Q:  Plantar Fasciitis/Osteitis

Approximately 6 months ago I developed a pain underneath my left foot in the area of my left heel.  I couldn't walk on my foot. My orthopaedic surgeon placed my foot in a boot for ten days, and treated it with anti-inflammatories - creams, tablets, plasters, the whole lot, with no let-up from the pain.  I was then in a boot and on crutches for 6 weeks, but still no result.

At the beginning of the year had a "flikkergram" which showed a hot spot in the heel itself, but no soft tissue involvement. I was admitted for a biopsy, but went for a MRI before surgery which showed soft tissue involvement. So, diagnoses changed from Osteitis to Plantar Fasciitis and only a cortisone injection was done under general anaesthetic. I can`t in all honesty report that this helped my pain all that drastically, and three weeks after the procedure the pain is back, much worse than before!  My question is: now what? What can I expect from my follow-up appointment, and what else can be done to this pain?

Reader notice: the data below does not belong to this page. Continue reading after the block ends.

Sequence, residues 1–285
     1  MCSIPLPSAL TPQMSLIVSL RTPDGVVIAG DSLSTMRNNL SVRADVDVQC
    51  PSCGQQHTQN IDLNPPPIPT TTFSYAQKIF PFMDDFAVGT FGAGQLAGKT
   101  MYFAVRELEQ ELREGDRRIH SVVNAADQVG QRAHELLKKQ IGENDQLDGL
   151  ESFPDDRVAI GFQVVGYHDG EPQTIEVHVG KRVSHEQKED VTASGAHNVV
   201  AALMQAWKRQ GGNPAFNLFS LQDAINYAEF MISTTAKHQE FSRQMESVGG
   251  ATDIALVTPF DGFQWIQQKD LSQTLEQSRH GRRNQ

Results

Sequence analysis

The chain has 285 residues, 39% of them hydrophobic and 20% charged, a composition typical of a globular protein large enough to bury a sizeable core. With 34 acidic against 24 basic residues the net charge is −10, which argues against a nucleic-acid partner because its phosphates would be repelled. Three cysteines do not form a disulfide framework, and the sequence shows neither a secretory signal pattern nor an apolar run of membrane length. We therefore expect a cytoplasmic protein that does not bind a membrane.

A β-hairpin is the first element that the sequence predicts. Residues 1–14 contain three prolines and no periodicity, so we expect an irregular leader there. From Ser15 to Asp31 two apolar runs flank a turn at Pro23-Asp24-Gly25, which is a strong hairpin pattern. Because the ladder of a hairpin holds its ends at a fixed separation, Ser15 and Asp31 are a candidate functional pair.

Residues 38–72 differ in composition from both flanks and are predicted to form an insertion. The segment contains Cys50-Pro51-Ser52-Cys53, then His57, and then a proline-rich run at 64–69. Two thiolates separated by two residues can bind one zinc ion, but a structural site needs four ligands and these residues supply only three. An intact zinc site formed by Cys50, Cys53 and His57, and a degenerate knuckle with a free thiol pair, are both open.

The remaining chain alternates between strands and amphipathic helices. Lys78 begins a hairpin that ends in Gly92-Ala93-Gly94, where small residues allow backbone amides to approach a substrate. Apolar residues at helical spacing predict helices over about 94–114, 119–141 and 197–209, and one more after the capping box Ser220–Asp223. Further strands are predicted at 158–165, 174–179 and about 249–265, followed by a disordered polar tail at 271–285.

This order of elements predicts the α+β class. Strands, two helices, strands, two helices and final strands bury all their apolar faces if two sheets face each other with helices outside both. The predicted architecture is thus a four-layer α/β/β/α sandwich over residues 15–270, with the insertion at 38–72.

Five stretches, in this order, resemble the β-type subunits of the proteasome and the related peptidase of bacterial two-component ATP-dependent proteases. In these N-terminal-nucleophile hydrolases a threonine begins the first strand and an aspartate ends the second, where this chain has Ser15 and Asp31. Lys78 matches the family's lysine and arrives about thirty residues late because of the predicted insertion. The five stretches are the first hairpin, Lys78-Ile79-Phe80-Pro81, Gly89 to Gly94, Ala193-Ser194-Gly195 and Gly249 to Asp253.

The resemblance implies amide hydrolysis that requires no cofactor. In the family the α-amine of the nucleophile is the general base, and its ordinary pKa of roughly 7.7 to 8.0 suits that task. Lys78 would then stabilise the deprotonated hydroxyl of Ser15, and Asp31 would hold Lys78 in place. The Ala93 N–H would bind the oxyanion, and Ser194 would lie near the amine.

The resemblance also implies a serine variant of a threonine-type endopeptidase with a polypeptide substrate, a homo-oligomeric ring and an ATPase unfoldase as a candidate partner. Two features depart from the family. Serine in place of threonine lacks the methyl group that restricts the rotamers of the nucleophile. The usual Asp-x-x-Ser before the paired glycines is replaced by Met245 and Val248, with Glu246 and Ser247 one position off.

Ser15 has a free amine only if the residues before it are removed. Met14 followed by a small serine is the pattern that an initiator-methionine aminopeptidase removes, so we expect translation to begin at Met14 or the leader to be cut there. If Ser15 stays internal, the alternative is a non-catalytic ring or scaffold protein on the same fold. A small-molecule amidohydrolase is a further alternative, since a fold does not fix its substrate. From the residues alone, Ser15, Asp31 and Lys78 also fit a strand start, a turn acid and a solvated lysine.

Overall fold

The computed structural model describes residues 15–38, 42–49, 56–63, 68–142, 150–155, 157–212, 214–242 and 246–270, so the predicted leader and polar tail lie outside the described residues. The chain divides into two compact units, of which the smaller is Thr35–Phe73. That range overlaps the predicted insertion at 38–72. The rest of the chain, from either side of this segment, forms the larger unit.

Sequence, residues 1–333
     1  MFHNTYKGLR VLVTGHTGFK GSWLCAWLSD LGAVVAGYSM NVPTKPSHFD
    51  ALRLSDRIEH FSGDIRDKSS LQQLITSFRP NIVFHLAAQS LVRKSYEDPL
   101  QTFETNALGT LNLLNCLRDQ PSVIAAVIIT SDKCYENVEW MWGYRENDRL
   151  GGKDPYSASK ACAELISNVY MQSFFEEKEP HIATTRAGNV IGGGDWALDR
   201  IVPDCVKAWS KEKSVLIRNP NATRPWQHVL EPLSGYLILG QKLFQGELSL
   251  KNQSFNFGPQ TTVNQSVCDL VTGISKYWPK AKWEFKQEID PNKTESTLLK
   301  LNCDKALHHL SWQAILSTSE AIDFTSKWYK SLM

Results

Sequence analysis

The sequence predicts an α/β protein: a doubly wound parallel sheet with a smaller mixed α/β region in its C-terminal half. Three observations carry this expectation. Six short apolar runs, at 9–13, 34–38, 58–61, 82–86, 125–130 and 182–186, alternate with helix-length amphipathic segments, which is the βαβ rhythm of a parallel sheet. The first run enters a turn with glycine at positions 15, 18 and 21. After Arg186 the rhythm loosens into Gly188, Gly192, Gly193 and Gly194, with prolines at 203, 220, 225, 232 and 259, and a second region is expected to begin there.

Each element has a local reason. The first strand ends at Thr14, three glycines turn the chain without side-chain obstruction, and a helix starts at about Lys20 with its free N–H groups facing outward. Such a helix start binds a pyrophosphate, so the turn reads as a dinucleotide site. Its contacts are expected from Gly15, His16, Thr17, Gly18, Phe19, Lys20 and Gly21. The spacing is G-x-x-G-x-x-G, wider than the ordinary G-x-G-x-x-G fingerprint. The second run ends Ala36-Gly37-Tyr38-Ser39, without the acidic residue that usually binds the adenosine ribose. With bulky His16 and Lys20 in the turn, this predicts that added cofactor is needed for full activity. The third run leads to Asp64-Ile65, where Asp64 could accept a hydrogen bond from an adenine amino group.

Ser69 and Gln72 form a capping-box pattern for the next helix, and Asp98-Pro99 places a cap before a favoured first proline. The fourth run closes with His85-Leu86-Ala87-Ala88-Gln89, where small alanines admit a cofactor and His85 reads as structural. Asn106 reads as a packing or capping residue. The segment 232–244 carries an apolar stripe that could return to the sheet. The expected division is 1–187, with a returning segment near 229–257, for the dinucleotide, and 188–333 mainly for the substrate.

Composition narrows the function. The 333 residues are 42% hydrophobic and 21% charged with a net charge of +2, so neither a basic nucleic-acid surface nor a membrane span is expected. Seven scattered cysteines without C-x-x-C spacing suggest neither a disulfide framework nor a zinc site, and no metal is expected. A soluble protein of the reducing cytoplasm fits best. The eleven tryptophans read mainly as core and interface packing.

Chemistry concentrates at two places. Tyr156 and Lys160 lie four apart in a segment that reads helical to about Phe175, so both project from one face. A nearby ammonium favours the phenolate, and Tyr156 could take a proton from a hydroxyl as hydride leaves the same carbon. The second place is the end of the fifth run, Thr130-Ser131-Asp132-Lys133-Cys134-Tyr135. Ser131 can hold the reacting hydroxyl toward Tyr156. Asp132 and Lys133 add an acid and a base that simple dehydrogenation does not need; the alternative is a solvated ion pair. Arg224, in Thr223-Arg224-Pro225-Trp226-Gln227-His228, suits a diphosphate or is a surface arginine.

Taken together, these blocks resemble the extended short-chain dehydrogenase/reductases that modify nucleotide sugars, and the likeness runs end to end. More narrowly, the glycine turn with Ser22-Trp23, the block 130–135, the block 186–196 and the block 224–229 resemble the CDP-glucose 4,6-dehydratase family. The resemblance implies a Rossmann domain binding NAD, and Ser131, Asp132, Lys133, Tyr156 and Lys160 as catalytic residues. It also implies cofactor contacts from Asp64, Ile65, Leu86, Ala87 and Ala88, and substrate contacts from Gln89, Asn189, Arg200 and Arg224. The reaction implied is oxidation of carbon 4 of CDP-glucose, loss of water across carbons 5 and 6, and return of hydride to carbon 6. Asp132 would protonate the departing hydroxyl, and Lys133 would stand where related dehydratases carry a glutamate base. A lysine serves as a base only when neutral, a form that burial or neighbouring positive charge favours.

A: Plantar fasciitis is very difficult to treat. I use stretches, night splints and soft heel inserts for my patients. If at 6 months the pain is persistent, either a percutaneous debridement or formal debridement might be indicated. There are other treatments available, PRP injections (growth factors) or shock wave therapy.

Q:  Back pain

I have suffered from mid to upper back painsince about 16 years of age, it is on and off.  It acts up usually every 2 months or so after some straining work or a long drive. What happens is my muscles seem to lock up. But with some anti-inflammatories, muscle relaxants and a bit of rest I'm ok within 2-3 days.

But I am now 27 and last week I spent a week solid hunched over for 7 hours a day painting. After that my back played up, but this time it's worse than ever.  I have had 2 voltaren injections, taken diazepam, lentogesic, robaxin - the lot, and I've been stretching etc, but nothing is helping.

My muscles are locked, my back is in agony. I have pins and needles along with numbness and shooting pains across my mid/upper back. I am mobile and it is a little better each day, but I can't keep on the meds. What does this sound like to you?  I'd like to know so I can research it on the net.  Where do I go from here, an orthopaedic specialist or a neurologist?